The Washington Times

Guess who’s in the doghouse in Europe? French President Jacques Chirac, that’s who.

France is scheduled to vote May 29 on the European Constitutional Treaty, the latest step in the process of European integration. The Constitutional Treaty is something of a hybrid: more than just the latest international treaty binding the countries of Europe, less than a full-dress constitution creating the institutional architecture of a single sovereign state. It’s also about 70,000 words long, which means it is not exactly popular reading matter.

To take effect, the Constitutional Treaty has to be ratified by all 25 members of the European Union. But it’s up to national governments to decide what the ratification procedures will be. Most have chosen to put the matter to national legislatures. A half-dozen will put the matter directly to voters. Mr. Chirac decided to go down the latter road.

And now recent polls have been showing a majority of French voters actually opposed to the Constitutional Treaty. This is, in certain respects, rich. After all, if there is a headquarters for the sentiment that Europe should unite in order to provide a counterweight to the excessive influence of the United States in world affairs, it is the Elysees Palace of Jacques Chirac. Whether or not the Constitutional Treaty is properly understood as a means to that end (and in my view it isn’t), if it fails, it will take the wind out of the sails of all those who have been pursuing the deeper and wider integration of Europe.

At a conference last week sponsored by the German Marshall Fund of the United States, European participants made clear that the result of the collapse of the Constitutional Treaty would be a demoralized and inward-looking Europe for years to come. Turkey’s prospect for membership in the European Union would suddenly worsen. The potential for upgrading relations with emerging democracies in Georgia and Ukraine, as well as in the Balkans, would drastically diminish. The likelihood of additional fractiousness in internal European deliberations would increase, with greater resulting difficulty in reaching common positions both internally and in foreign affairs.

And all this, thanks to the president of France. Mr. Chirac could have put the ratification to the National Assembly, a vote he would surely have won with ease. Instead, in the view gaining currency in elite Europe, out of arrogance, he chose the path of a referendum, certain he could deliver the French public. Once again, in this view, Mr. Chirac has overpromised and is coming up short on delivery. If the referendum goes down in France, Mr. Chirac will get the blame for the biggest reversal of fortune in Europe in decades.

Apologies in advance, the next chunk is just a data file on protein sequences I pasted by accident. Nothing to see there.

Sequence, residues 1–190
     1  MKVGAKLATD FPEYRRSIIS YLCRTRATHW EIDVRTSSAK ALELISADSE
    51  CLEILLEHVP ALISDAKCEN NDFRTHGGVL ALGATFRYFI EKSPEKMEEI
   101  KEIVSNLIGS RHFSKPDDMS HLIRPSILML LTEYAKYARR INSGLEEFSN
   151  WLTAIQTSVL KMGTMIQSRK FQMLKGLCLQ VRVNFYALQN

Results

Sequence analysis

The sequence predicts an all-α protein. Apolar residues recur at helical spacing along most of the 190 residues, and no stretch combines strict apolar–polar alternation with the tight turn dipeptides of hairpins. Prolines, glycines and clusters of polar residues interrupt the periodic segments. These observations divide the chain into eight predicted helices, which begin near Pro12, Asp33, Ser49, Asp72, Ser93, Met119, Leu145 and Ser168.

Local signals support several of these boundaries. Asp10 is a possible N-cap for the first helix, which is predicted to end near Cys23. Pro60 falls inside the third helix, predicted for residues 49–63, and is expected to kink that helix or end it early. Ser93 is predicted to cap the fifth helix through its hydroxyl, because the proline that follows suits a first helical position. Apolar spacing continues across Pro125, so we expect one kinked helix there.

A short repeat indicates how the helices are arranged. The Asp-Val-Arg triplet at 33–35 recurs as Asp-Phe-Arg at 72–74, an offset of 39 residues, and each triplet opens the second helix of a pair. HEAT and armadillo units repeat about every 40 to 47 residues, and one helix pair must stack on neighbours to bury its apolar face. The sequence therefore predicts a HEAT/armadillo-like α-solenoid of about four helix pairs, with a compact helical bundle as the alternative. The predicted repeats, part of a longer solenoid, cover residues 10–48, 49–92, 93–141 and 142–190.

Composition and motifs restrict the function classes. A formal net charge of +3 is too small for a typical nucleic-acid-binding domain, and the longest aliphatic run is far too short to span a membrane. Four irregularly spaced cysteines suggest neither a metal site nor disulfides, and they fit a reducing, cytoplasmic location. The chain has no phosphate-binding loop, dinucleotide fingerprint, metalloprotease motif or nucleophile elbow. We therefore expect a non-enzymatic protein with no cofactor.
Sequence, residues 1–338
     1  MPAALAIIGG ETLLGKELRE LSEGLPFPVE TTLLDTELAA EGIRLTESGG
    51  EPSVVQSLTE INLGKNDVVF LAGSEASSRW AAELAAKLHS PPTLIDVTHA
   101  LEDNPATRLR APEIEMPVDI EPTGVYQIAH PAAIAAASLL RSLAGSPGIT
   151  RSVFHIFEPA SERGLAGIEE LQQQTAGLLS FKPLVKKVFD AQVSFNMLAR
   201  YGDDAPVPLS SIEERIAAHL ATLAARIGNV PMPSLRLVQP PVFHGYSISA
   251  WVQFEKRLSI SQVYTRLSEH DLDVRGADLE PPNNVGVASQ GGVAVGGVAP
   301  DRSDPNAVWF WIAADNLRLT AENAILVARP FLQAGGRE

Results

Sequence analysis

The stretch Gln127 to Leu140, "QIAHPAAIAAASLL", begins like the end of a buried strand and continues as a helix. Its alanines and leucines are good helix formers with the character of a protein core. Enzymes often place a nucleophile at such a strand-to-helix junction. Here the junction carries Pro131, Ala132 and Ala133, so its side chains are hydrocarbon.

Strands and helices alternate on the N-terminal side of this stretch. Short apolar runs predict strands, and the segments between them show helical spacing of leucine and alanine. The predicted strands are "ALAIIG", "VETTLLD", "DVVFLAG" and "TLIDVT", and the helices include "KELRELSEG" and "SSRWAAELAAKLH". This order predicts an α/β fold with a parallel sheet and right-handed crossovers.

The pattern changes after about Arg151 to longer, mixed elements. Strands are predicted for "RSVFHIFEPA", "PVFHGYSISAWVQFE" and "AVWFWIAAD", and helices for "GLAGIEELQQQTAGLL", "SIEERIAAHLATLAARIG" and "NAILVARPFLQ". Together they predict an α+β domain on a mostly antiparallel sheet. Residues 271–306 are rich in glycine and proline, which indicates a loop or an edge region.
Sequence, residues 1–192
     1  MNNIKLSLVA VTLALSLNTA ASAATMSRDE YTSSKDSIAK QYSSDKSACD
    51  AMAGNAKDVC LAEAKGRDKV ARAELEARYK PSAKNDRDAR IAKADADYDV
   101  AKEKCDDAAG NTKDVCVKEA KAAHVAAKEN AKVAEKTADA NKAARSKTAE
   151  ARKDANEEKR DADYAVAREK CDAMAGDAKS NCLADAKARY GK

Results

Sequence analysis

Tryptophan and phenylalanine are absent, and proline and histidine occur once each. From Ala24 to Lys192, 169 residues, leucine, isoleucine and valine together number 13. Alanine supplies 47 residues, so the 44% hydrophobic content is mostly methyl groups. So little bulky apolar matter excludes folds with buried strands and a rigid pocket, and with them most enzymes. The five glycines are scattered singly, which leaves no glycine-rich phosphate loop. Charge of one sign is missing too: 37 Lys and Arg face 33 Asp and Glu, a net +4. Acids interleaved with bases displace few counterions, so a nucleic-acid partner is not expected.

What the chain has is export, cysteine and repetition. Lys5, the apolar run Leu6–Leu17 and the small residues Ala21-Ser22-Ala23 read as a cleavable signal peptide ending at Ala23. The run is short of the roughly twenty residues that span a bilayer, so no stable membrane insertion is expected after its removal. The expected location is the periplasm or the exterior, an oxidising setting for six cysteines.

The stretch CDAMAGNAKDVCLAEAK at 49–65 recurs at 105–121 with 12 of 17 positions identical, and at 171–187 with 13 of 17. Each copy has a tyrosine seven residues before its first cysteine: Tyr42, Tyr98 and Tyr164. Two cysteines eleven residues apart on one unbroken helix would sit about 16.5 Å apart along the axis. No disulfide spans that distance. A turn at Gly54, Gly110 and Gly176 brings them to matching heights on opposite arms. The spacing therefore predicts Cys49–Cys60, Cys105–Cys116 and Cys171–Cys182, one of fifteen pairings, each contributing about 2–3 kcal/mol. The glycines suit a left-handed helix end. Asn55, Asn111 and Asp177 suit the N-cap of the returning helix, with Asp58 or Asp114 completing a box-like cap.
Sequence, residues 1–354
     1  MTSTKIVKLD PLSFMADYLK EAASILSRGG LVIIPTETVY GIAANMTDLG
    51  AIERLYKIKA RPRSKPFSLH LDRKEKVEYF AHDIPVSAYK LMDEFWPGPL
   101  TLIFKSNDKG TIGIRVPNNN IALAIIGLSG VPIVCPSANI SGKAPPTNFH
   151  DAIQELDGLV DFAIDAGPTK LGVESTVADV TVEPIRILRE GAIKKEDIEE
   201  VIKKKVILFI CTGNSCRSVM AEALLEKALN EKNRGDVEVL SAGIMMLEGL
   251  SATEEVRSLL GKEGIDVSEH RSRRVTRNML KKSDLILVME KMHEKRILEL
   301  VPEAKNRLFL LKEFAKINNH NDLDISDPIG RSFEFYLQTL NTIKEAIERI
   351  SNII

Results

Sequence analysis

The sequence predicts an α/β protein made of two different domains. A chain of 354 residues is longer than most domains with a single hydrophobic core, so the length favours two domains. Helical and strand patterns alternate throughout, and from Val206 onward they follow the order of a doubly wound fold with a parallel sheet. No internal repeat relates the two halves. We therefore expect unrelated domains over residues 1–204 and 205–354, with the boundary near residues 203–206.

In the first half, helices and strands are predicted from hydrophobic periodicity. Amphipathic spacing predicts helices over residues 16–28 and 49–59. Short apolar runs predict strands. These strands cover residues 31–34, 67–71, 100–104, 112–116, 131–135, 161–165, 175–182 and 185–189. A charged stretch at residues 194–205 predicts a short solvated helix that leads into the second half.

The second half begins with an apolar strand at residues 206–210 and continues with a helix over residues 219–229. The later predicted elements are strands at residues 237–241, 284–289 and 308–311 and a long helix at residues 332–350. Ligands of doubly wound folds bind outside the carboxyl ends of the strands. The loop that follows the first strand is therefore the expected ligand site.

Not that the results will be comparable with the descent of the Iron Curtain. The failure of the Constitutional Treaty, should that take place, will not undo the efforts at European integration that have been successful to date, nor will it undo the determination of Europeans to continue their mutual efforts on behalf of peace and prosperity. Nor is the road to ratification smooth and clear apart from what the French decide. Britain, traditionally the most euroskeptical EU member, is a huge question mark. But that the process might falter in France, of all places, well, that would be a cruel blow.

The referendum in France might yet pass. French officials have been noting hopefully that while polls still show a majority opposed, the percentage has been declining. But what this French hiccup really shows, I think, is the death of the neo-Gaullist vision of Europe as a counterweight to the United States, truly Mr. Chirac’s dream.

In this vision, a united Europe, newly strengthened by the ratification of its Constitutional Treaty (which provides for the creation of a European foreign minister and diplomatic corps). It would also be strengthened by the solid backing of the European people of the sort that manifested itself in support for the position of Mr. Chirac and German Chancellor Gerhard Schroeder in opposition to the Iraq war, would be well positioned to assert its influence against that of the United States, creating a truly multipolar international order. The United States would have no choice but to accept a corresponding diminution in influence across a range of areas, from the Middle East peace process to Iran to trade policy.

That is simply not what is at stake in the ratification of the Constitutional Treaty. It’s a fantasy about a world in which a nation, or even “Europe,” is somehow able to balance the power of the United States without actually going to the trouble and expense of acquiring the instruments of power which neither France nor the European Union has any intention of doing.

This is, of course, fine with the United States which has also shown, particularly in the second Bush term, that it is influenced by the concerns of its European allies. Speaking of irony, imagine Mr. Bush helping Europeans pick up the pieces of their project of integration after its rejection in France.